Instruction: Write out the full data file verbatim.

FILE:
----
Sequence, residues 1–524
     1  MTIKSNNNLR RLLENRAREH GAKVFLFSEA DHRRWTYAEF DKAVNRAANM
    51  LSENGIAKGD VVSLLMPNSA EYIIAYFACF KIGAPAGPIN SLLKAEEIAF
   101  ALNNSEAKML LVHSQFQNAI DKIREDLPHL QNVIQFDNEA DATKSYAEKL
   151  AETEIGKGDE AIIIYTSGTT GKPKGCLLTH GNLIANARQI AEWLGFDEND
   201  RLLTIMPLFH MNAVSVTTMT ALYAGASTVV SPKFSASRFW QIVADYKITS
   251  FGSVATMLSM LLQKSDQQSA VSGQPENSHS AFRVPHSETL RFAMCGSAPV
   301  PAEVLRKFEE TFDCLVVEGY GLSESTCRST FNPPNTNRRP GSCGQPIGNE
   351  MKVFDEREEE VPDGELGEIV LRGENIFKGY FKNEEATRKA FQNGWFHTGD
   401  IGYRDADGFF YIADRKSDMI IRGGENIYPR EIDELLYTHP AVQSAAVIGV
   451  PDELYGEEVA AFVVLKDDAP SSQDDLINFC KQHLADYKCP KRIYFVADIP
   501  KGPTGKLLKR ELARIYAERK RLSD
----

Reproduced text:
Sequence, residues 1–524
     1  MTIKSNNNLR RLLENRAREH GAKVFLFSEA DHRRWTYAEF DKAVNRAANM
    51  LSENGIAKGD VVSLLMPNSA EYIIAYFACF KIGAPAGPIN SLLKAEEIAF
   101  ALNNSEAKML LVHSQFQNAI DKIREDLPHL QNVIQFDNEA DATKSYAEKL
   151  AETEIGKGDE AIIIYTSGTT GKPKGCLLTH GNLIANARQI AEWLGFDEND
   201  RLLTIMPLFH MNAVSVTTMT ALYAGASTVV SPKFSASRFW QIVADYKITS
   251  FGSVATMLSM LLQKSDQQSA VSGQPENSHS AFRVPHSETL RFAMCGSAPV
   301  PAEVLRKFEE TFDCLVVEGY GLSESTCRST FNPPNTNRRP GSCGQPIGNE
   351  MKVFDEREEE VPDGELGEIV LRGENIFKGY FKNEEATRKA FQNGWFHTGD
   401  IGYRDADGFF YIADRKSDMI IRGGENIYPR EIDELLYTHP AVQSAAVIGV
   451  PDELYGEEVA AFVVLKDDAP SSQDDLINFC KQHLADYKCP KRIYFVADIP
   501  KGPTGKLLKR ELARIYAERK RLSD